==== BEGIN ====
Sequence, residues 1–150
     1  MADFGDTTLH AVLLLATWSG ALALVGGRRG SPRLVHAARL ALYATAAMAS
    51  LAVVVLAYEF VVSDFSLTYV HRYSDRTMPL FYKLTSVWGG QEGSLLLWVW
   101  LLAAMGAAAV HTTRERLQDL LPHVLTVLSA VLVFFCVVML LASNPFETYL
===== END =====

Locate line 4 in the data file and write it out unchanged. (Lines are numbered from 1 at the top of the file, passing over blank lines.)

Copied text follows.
   101  LLAAMGAAAV HTTRERLQDL LPHVLTVLSA VLVFFCVVML LASNPFETYL